Imagine, if you will, that you see a method called FileExists. It takes a string input called strPath, and returns a bool. Without looking at the implementation, I think you'd have a very good sense of what it's supposed to do. Why, you wouldn't even expect much documentation, because the name and parameters are really clear about what the method actually does.

Unless this method was in the C# codebase "AK" inherited. In that case, the behavior of FileExists might surprise you:

public bool FileExists(string strPath) { try { File.WriteAllText(strPath, "blah"); return true; } catch (Exception ex) {/* do nothing */} return false; }

This method invokes File.WriteAllText, which does more or less what you'd expect, unlike this method.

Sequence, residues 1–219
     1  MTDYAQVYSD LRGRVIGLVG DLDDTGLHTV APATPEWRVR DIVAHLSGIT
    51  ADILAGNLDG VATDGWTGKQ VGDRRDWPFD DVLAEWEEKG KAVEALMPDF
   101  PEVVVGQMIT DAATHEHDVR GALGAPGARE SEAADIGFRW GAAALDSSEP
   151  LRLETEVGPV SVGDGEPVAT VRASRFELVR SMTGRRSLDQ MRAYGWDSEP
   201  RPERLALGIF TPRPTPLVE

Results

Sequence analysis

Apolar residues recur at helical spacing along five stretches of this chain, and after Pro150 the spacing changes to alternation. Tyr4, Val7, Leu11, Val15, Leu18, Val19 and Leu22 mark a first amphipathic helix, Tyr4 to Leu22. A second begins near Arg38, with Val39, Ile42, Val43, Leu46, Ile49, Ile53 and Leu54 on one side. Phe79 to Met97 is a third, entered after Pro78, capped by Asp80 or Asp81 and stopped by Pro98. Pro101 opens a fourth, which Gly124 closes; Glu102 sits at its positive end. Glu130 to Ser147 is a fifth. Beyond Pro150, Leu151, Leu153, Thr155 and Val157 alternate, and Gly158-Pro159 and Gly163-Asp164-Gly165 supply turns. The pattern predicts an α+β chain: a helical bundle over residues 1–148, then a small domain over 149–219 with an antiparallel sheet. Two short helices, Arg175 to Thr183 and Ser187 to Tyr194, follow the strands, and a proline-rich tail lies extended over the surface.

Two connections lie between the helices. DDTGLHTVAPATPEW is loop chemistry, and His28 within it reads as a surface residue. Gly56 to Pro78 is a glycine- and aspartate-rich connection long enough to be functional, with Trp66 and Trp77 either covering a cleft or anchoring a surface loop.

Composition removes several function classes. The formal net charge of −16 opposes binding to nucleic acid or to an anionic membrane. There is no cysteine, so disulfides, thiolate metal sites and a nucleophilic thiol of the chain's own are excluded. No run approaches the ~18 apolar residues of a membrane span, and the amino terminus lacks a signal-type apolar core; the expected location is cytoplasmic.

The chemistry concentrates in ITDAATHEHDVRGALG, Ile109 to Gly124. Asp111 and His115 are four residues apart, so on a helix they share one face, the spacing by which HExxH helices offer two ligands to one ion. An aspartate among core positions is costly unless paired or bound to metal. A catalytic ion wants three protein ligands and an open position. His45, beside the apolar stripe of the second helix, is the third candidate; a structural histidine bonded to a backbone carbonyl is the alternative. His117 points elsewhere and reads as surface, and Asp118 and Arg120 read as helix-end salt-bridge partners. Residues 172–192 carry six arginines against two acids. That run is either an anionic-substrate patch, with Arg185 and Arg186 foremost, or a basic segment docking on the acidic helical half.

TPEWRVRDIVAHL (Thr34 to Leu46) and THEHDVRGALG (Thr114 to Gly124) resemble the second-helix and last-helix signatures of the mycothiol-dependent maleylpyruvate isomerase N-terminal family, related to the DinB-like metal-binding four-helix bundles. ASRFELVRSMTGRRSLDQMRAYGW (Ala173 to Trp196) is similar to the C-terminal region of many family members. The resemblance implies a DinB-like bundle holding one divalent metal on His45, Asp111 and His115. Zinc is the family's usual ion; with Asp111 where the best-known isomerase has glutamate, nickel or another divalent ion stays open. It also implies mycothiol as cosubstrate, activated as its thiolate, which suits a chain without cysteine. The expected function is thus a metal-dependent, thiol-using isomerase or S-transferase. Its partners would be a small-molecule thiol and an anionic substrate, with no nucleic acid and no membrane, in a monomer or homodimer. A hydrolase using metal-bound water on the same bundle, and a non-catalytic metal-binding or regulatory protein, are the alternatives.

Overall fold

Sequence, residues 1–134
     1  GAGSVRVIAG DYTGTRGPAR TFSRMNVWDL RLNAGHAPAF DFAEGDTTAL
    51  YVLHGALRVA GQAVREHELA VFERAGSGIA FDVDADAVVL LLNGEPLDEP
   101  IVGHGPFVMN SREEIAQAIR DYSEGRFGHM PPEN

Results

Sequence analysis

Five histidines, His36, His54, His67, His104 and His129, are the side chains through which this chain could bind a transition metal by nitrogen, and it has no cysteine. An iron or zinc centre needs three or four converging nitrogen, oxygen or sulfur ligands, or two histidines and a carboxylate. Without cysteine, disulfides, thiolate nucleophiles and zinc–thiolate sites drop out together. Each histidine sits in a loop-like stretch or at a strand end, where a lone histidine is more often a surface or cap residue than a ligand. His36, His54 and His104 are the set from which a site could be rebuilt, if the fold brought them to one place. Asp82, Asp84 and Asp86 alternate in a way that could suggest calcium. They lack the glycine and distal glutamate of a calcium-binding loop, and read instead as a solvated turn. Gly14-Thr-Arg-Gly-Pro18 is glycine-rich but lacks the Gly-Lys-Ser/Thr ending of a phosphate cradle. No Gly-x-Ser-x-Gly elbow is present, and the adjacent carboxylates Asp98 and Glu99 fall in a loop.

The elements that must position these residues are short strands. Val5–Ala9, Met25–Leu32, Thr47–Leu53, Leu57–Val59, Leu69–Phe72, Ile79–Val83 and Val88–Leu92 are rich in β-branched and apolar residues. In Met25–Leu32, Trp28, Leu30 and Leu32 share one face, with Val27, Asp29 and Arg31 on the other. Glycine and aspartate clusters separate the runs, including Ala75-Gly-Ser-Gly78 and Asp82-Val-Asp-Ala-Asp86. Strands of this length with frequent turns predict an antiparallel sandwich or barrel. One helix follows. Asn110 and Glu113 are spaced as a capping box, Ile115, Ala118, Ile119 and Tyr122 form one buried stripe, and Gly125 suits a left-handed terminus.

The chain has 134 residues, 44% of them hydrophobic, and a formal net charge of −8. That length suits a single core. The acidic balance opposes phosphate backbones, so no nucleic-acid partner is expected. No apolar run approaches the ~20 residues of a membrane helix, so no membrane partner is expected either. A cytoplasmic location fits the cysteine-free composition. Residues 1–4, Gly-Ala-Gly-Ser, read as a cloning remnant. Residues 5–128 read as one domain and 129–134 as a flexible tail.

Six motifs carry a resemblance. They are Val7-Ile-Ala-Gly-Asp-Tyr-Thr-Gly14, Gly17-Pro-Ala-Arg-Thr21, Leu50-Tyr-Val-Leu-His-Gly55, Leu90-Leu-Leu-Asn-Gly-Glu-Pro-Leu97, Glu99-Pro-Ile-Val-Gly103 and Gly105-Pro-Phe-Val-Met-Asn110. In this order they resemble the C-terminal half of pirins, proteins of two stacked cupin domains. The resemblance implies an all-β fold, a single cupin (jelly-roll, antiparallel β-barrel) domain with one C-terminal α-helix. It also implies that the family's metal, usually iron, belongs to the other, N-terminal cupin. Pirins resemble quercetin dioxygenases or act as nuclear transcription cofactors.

So what this method actually does is overwrite the contents of whatever is in strPath with "blah". If it can do that write, then it returns true. If it can't do that write, perhaps because the directory doesn't exist, or the user doesn't have permission, then it returns false.

Normally, we think of "FileExists" as a check, but in this case, it's more of a threat. By the time this method executes, that file will definitely exist, if it's at all possible to create that file. And if the contents of that file were important before you called this method, well they certainly aren't now.

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